The German solar industry is confident that the country’s renewables expansion targets and the growing impact of energy storage solutions will boost the sector’s progress, Welt Online reports. Carsten Körnig, head of the German Solar Industry Association (BSW), said the recent insolvency of Germany’s former solar champion SolarWorld had been “bitter news” but did not mean that there was no growth prospect for the sector. “A robust upswing is in the offing,” Körnig said. A main driver for this was the fall in prices of energy storages that are capable of balancing solar power’s intermittent power supply, Körnig explained.

Read the article in German here.

See the CLEW article Last major German solar cell maker surrenders to Chinese competition for more information.

Ministry for Economic Affairs / German Wind Energy Association / German Engineering Federation / Industrial Union of Metalworkers

Technological progress, systematic services, and efficiency have made the German wind power industry “a powerhouse of the energy industry”, according to Uwe Beckmeyer, state secretary in the Ministry for Economic Affairs (BMWi). In a press release following a conference on the German wind industry’s future, Beckmeyer said “competitiveness in export, innovation and digitalisation” were the main components for its sustained success. In a joint declaration, the German Wind Energy Association  (BWE), the German Engineering Federation (VDMA) and the Industrial Union of Metalworkers (IG Metall) said employers, employees and social partners had to work together to ensure investment- and employment-friendly conditions in Germany. The lobby groups acknowledged that research funding by the BMWi in recent years had greatly contributed to technological progress and falling costs.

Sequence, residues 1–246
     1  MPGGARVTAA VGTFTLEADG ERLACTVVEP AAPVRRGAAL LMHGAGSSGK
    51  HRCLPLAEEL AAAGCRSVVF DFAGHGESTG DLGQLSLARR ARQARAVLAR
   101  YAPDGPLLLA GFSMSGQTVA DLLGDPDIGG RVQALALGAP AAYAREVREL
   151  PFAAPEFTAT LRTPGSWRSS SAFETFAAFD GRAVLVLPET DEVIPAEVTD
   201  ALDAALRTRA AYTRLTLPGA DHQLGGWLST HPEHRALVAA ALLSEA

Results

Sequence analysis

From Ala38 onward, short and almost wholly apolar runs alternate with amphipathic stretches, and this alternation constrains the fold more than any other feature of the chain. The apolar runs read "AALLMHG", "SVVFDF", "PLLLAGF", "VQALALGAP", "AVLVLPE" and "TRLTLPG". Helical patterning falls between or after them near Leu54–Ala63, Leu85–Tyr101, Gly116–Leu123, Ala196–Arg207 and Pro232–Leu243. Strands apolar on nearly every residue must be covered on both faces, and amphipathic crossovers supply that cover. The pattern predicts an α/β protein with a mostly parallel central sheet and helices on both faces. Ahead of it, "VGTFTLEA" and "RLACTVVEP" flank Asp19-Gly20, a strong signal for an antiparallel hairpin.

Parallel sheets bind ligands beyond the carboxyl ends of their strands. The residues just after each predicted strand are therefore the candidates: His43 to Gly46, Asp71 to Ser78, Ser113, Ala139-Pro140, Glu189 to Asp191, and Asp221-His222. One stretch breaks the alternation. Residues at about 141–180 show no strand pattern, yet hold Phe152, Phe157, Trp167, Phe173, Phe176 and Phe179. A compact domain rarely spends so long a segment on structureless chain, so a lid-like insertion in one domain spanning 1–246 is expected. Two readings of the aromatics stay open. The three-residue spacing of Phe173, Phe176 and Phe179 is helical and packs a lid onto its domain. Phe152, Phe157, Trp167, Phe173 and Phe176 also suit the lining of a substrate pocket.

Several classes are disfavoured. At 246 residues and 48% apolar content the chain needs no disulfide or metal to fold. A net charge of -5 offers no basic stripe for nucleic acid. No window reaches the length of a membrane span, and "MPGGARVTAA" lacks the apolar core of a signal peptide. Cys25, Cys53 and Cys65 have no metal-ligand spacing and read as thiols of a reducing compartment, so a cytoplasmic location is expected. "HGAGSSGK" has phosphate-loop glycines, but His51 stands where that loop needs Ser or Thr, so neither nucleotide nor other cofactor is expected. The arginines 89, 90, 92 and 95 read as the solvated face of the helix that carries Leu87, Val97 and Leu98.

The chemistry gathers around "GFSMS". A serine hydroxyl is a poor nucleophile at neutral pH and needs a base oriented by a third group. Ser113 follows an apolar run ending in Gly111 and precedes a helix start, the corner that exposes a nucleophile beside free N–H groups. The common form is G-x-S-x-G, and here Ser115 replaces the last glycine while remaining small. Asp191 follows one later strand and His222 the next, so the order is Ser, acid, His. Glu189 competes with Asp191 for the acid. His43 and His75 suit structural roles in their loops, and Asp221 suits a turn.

Find the press release in German here and the declaration in German here.

See the CLEW article Citizens’ energy projects dominate first onshore wind power auction for more information.

Hamburger Abendblatt

Swedish utility Vattenfall will not sell its financially struggling Moorburg coal plant in Hamburg despite revamping its business model towards more renewable energy sources and digitalisation of the energy system, Björn Hartmann writes in Hambuger Abendblatt. Moorburg was critical for supply security in northern Germany, Tuomo Hatakka, the head of Vattenfall Germany, told the newspaper. Hatakka said “it is a fact that Moorburg is not going to be a good investment for Vattenfall”. But he added he was confident the plant could be run at a profit once the row with the European Court of Justice over lacking environmental standards was over and power prices picked up.

Read the article in German here.

For background, see the CLEW dossier Utilities and the energy transition.

All texts created by the Clean Energy Wire are available under a “Creative Commons Attribution 4.0 International Licence (CC BY 4.0)” . They can be copied, shared and made publicly accessible by users so long as they give appropriate credit, provide a link to the license, and indicate if changes were made.